Friday, March 29, 2013

Mumbai street vendors: khatta tidbits

- By Aishwarya Pramod

The school bell rings one last time signalling the end of classes, and food vendors outside school get ready for a rush of orders. Bhel, frankie, pakora, dabeli, vada pav, bhajiya pav, sandwiches, groundnuts, and singhara are some of what's generally offer, depending on the day of the week and the vendors in the area. And inevitably there is one thela selling amla, kairi, starfruit, bor, imli, and other sour treats.

                                  Schoolgirl at thela
Up until I was about 12, I was a goody-two-shoes who made a beeline for home straight after school - not looking at a single food stall. But a friend of mine who was crazy about kairi eventually began dragging me after school everyday to see whether the thela-wala had come that day. Pretty soon, I was hooked to kairi and amla (with salt and enough red chilli powder to set my tongue on fire). And this was someone who'd never considered herself a fan of anything sour in general.

Here's a picture of kairi (raw mango) slices. The thela (cart) also has groundnuts, and two related kinds of berries (called ber or bor) - a small dark red dried berry, and the larger, brighter Indian jujube.

Here's a larger photo of the same thela - and in between a bunch of saunf (fennel) and a bag of imli (tamarind) pods is a bag full of the small, bright aamla (Indian gooseberry) which I ate in such copious quantities in school. Moving down, there is a bag of bright green karonda (Carissa carandas, a type of dogbane, Wikipedia calls it loftily) - a small fruit which is when raw can be used to make pickles. Below that, there is also a bag of large aamlas, which are typically urer and slightly more bitter than the small ones. I have a bottle of pickled aamla at home, to eat with curd rice.

Of course, it's not just school kids - everyone likes these snacks. 
                Check out the food colouring added to the kairi...
...and the six different flavours of imli (tamarind).
Here are some more fruits available on Mumbai streets...

Starfruit and cucumber being sold on Marine Drive.
A closeup of the starfruit with chilli powder and salt.
And here are two I've never tasted. The thela-wala told us that this small yellow fruit is like an extra sour mini-mosambi (sweet lime). On the right are wood apples - he told us its skin was so hard that it needs to be broken with a small hammer.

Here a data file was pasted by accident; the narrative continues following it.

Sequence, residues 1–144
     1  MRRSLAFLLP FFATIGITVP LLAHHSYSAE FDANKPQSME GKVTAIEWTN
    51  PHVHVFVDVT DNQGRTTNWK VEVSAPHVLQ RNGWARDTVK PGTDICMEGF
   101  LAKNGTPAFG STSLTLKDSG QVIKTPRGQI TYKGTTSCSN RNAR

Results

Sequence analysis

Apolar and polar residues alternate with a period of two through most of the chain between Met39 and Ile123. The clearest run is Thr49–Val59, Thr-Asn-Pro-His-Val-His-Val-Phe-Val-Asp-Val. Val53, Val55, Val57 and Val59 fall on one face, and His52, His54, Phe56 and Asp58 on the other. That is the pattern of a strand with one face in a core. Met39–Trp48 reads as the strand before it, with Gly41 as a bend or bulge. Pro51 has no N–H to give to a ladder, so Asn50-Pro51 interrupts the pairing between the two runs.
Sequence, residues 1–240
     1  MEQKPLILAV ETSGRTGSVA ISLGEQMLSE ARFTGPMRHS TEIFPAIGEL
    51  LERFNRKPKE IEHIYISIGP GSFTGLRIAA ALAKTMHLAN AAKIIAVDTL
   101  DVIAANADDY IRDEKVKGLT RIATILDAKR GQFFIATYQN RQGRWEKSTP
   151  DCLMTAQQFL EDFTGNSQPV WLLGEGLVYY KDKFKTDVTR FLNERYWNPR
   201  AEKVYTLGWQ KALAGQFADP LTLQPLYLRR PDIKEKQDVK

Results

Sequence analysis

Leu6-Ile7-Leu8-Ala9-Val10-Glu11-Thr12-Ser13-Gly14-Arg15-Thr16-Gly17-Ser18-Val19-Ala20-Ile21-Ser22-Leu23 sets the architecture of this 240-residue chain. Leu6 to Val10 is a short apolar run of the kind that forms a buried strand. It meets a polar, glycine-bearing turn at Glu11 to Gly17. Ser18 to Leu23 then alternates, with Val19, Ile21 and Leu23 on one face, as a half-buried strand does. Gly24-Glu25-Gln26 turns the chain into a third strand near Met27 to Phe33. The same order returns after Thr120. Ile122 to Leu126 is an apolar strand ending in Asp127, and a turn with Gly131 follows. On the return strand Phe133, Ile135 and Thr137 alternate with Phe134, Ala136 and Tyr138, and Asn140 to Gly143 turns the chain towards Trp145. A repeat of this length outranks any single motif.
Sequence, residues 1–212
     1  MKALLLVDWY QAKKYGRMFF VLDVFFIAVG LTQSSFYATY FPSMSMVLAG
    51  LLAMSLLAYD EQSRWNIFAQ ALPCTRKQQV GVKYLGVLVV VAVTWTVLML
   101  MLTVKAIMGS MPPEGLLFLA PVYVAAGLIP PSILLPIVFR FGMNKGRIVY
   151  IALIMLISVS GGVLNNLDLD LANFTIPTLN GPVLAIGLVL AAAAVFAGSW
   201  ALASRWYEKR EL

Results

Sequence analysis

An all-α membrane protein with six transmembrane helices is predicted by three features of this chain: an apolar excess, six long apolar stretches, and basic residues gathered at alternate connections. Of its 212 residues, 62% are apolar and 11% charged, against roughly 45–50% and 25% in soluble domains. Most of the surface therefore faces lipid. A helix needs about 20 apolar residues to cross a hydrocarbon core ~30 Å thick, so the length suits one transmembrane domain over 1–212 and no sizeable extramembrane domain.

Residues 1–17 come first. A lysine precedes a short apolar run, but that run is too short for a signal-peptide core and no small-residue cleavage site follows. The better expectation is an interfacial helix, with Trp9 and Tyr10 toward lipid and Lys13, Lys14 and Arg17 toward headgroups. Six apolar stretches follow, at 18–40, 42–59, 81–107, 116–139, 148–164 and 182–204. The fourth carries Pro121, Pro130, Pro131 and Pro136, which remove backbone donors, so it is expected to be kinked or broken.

You can see the handle of the wooden hammer 
he uses to break open the wood apples :)
A college friend's mother was complaining to us about how in her time, after-school snacks meant eating these roadside tidbits, but "kids these days" eat packets of chips and burgers and ice cream. Well, alright, that may be true, but we still love those khatta things too. May these thelas bring happiness to continued generations of school kids!

Saturday, March 09, 2013

Scenes from Worli Fishing Village

- By Deepa Krishnan

Walking through Worli Fishing Village is a bit like stepping into a time-warp. The rest of Mumbai might live in the 21st century, but this part of the city is still not far removed from the sleepy fishing village it once was.
Temple with deep-stambh, old style houses and tulsi plant.
Water is stored in big plastic bins now, instead of wells. 

The colourful boats still remain a visually arresting feature. The old cane baskets are there, but alongside, there are also plastic ones.
The kolins wait every morning for the catch to come in, like they have always done. Except now each woman has a cell phone, and the clothing is more varied. 
The morning ritual outside the homes still includes tulsi puja and rangoli
Spices and chillies are still dried in the sun, and ground to make personalised masalas
This house has a tulsi plant holder shaped like a boat. 
Change has come to this house, you can see a girl's school 
uniform hanging from the clothes line.

The current generation may not all go fishing, 
but the sea remains a constant presence, visible
at the end of  many tiny lanes.
And the boys continue to dive and splash and enjoy themselves, as generations before them always have done. 
Walking through Worli Fishing Village always makes me uncomfortable. On the one hand, I want to see the old traditions continue. On the other hand, there is the villagers' own desire to modernise, to become more like the rest of city. What we need is a strong conservation movement that helps document and preserve old houses and ways of life, but provides room for the aspirations of local inhabitants. I was in Ahmedabad this week, speaking at a training program on heritage management, and there is some excellent work that is being done in that city to revive the inner city areas. We need something similar for Worli. Or soon these little lanes and colourful boats will be things of the past, and glass and concrete will take over this part of the city too.